We’ve been tapping the maple trees on our property since the very first winter we moved in, 2015 will be our 7th season. It’s a fun process and relatively easy too. Most everyone is familiar with maple syrup and tapping but birch, box elder, and even black walnut trees can be tapped for sap that is later boiled into syrup. If you’d like to get started tapping trees for syrup on your homestead, I’ve got some tips for you:
1. Climate is Everything
In order for any of the tappable trees to actually produce sap, they need to be in an area that has a winter and period of freezing. Folks who can grow citrus aren’t going to be able to tap trees for syrup. The optimum time to tap varies not only from region to region, it varies from year to year. Trees should be tapped when the temperatures reach the 40 degree Fahrenheit range during the day and drop to the 20s at night. While most of us know generally when this will happen in our areas, it’s good to keep an eye on the forecasts to get the timing better.
2. Tapping Equipment
Commercial producers have huge systems of tubes and evaporators and much more. At home, most folks keep it simple. To actually tap a tree, a hole needs to be drilled into the tree and a spile or tap of some sort must be placed. Buckets or containers to collect the sap are also needed. That’s pretty much it for getting sap from the tree. Truly, Mother Nature does most of the work here. Frugal Tip: Look for maple tapping supplies on ebay – sometimes you can find a real deal there.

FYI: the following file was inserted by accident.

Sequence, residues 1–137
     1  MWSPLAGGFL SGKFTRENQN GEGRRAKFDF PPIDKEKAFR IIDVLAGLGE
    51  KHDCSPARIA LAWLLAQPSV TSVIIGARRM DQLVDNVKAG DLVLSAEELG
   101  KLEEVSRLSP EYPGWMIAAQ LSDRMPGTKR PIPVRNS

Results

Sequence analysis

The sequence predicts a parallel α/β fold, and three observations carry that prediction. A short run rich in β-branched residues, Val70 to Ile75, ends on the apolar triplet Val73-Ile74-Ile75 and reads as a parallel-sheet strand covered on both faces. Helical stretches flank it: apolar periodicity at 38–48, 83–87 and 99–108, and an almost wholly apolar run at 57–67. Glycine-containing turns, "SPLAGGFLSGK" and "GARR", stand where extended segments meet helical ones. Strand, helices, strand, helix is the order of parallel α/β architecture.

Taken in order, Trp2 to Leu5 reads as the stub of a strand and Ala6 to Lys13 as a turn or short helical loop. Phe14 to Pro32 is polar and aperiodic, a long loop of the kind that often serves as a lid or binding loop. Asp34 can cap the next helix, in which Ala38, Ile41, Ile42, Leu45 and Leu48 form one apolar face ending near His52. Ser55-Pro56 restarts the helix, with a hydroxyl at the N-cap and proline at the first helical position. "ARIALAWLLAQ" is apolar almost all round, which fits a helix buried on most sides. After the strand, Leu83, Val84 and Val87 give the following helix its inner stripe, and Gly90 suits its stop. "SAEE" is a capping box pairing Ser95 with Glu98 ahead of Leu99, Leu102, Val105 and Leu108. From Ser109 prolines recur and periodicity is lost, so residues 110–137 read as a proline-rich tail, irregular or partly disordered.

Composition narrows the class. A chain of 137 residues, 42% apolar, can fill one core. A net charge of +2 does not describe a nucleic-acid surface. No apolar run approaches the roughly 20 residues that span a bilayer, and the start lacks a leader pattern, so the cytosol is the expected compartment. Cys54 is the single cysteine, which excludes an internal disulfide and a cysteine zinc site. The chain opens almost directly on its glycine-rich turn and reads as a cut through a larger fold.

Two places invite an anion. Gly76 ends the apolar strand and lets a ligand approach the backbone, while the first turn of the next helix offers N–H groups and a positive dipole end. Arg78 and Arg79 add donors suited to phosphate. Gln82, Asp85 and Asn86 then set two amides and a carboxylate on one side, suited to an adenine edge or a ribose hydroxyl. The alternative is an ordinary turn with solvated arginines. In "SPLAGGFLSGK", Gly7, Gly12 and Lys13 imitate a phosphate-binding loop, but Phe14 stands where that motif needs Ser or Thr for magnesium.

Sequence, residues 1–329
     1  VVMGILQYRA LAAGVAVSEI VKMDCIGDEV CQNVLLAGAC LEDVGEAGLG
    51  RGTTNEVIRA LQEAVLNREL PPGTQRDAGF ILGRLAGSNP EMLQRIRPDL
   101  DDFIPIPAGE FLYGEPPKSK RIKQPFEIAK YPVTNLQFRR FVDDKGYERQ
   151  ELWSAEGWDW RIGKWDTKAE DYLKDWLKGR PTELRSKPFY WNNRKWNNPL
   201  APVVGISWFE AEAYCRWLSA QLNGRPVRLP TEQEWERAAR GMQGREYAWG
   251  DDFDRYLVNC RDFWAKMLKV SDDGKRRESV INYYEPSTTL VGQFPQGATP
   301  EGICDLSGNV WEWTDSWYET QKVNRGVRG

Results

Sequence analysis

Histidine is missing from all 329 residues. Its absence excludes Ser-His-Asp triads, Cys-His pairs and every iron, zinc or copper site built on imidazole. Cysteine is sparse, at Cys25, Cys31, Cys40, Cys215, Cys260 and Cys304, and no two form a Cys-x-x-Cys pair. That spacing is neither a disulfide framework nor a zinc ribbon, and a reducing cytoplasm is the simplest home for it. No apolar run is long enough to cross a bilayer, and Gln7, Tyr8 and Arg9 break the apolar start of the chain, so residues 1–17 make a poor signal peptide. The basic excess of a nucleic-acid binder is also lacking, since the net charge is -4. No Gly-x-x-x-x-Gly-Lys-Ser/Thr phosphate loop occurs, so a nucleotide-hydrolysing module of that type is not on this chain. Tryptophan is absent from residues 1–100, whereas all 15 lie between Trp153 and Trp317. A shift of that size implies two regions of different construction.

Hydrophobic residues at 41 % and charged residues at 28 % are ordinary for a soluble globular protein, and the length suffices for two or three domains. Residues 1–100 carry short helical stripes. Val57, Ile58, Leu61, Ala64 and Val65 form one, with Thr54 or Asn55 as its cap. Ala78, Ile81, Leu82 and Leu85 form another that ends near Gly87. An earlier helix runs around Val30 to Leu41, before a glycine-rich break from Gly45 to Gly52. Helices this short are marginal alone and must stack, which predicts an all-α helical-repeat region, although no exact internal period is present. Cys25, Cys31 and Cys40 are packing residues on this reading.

3. Making Syrup
Once the sap is collected, it needs to be boiled down into syrup. This is a lengthy process but still simple. Making syrup is simply boiling the sap until all the water is gone leaving only liquid sugar behind. The sap needs to be boiled until it reaches 7 degrees above the boiling point (boiling point changes depending on elevation, so it’s important to know at what temperature it boils to calculate proper temperature here). I do this boiling on the stove, under a powerful hood. Many folks do it outside. It gets very humid inside, just a warning. Keep the syrup long term by canning or storing in the refrigerator.
That’s truly all there is to it. If you have the right climate, adding some homegrown and homemade syrup to the list of food creation and preservation ideas is a simple and fun thing to do.I sometimes receive compensation in the forms of cash and/or products but the opinions represented are always my own. Posts may also contain affiliate links, should you click and buy I receive a small commission which helps me offset costs of the blog but there is no additional cost to you. None my statements have been evaluated by the Food and Drug Administration, nor should anything read here replace the advice of a trained medical professional - you are responsible for your own health.See my full disclaimer here.